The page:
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This sentence is from my book. The sentence is about Serbian tennis player Bojana Jovanovski. How do you pronounce 3-6 6-4 6-1 in this context?

Unfortunately, the day finished badly for Bojana because she lost the match 3-6, 6-4, 6-1.

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  • I would have thought tennis scores were international: player A wins 3 games, player B wins 6 games and the first set. This is general reference question, it is not difficult to find the answer.
    – Mari-Lou A
    Jan 20 at 9:56
  • This is well-explained in Wikipedia:Tennis Scoring System Jan 20 at 21:04
  • With commas that (intentionally?) failed to be included. 3-6, 6-4, 6-1. Then the only question should be, do you pronounce the hyphen, which is no, but only in tennis. In every other sport it's pronounced to and it's a single set of numbers that are scores because tennis is wack and also uses words that mean something about the score, or something.
    – Mazura
    Jan 21 at 10:57
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    @Mazura - "In every other sport"… The biggest sport in the world, football, is pronounced the same way. Manchester beat Arsenal 4-1 [four one]. (Teams chosen at random, no affiliation ;)) Jan 21 at 11:22
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    @Mazura Yes, the sport built around playing a ball with your feet, Jan 21 at 14:34

3 Answers 3

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Tennis officials/commentators say Three six, six four, six one (short for three games to six etc.)

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    in what kind of sports do native speakers say three to six six to four six to one? Jan 20 at 9:29
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    @AntoniaA 3-6 includes all the numbers in between, as in "study pages 3-10" which means from page 3 until page 10. There is no sport that uses a similar score system.
    – Mari-Lou A
    Jan 20 at 9:52
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    @Mari-LouA Actually... At least here in the US, that type of display of a score, just with spaces around the '-', is very normal in a lot of sports, and the typical reading is, indeed, ‘X to Y’. Jan 20 at 18:04
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    When giving the score for a tennis match, the player who won the match is listed first in the set scores. So, in this example, if A won the match over B, the score "three six, six four, six one" means that player A lost the first set (winning only three games to B's six), but won the other two sets (winning six games in each, to B's four in set 2 and one in set 3). This is well-explained in Wikipedia:Tennis Scoring System Jan 20 at 21:03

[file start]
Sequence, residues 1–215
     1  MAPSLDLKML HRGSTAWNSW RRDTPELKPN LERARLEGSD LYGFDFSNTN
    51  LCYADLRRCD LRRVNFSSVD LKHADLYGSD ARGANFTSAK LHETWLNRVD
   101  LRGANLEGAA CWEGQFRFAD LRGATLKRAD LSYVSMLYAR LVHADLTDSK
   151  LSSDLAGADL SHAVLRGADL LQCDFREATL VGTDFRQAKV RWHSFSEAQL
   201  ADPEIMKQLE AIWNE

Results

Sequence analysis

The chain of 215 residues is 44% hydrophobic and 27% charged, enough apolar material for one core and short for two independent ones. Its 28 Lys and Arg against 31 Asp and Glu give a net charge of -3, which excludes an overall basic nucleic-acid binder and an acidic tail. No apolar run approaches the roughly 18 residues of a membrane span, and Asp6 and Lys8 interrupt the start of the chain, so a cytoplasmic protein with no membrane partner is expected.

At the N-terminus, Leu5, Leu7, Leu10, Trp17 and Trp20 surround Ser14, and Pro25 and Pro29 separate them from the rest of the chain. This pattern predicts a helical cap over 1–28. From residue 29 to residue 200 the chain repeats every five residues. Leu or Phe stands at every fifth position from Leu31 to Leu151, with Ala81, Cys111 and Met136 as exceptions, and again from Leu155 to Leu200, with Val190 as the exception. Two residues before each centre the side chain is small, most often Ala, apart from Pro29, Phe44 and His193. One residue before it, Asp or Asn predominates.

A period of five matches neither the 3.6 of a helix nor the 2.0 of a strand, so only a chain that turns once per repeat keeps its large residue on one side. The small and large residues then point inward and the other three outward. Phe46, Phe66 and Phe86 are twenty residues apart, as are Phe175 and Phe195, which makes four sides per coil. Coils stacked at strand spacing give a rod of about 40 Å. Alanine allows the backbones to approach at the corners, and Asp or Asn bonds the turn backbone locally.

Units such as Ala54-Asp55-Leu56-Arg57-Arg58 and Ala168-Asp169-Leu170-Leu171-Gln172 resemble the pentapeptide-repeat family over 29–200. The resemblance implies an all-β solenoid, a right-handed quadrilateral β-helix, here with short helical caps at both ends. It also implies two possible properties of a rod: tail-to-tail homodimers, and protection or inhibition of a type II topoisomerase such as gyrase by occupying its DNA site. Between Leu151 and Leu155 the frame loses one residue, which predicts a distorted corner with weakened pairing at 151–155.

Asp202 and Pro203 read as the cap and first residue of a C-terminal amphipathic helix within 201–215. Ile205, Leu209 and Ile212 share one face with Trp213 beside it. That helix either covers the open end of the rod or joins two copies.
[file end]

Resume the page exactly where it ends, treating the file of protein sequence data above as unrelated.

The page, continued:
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    Though it is not in the original question, and again is "tennis only", perhaps a comment that "0" is pronounced "love" in match scores should be added for "in general"?
    – Mycroft
    Jan 21 at 16:07
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When you see 3-6 it normally indicates all the numbers from the lowest to the highest, as in

"Study pages 3-10"

Said as: Study pages three to ten, which means starting from page 3 and continue until page 10.

Children aged 8-12 (eight to twelve) can enter the competition.

Any child between the ages of 8 and 12 can participate.

They work from 9 AM-6 PM

They start work from 9 AM and finish at 6 PM

In tennis it is possible to say the score is “Three games to six [games], six games to four” etc. but more often than not, tennis scores are communicated in this way: "three six, six four,” etc.

The prepositions to/with are often used with the verb compare. And in English we use the following constructions to talk about a range of things

8. from something (to something) used to show the range of something
The temperature varies from 80 degrees to minus 10.
The store sells everything from shoelaces to computers.
Conditions vary from school to school.
Source: Oxford Learner’s Dictionary

18a used when showing the whole range of numbers between and including the two that you mention
a toy suitable for children aged three to five
from...to: the numbers from one to ten
Source: Macmillan

But to be clear, there is no sport that uses the score system “three to six, six to four, six to one" that the OP asked in a comment.

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    "The outlook wasn't brilliant for the Mudville nine that day: / The score stood four to two, ... ." The quote is from 1888 but the last three words are true to the way we talk today.
    – David K
    Jan 20 at 18:10
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To slightly clarify the correct answer already given by Kate

In tennis a competition is broken into Games, Sets, and the Match.

  • First to 5 wins a game, but you must win by two and the points are insanely called out as Love (0), 15 (1), 30 (2), 40 (3), Game (4). If you've won 3 and I've won 0, you're ahead 40-Love.
  • Each set is made up of 6 or more games. Again you must win by 2, and if a set gets to 6-6 there is a tiebreaker. So the highest score without a tiebreaker is 7-5, and with a tiebreaker is 7-6
  • A match is made up of 3 or 5 sets (some Men's matches are 5 sets, some are 3 Women's and mixed doubles are usually 3.

So the long form of your score (3-6, 6-4, 6-1) is "Bojana lost one set to two. Three games to six, six games to four, and six games to one. But pronounced simply "three six, six four, six one".

Additionally if there is a tie-breaker in one of the sets, that is added after the score for that set, so if the second set had been won in a tie-breaker it would be written as "3-6, 7-6 (7-3), 6-1", but it would not typically be pronounced in the score.

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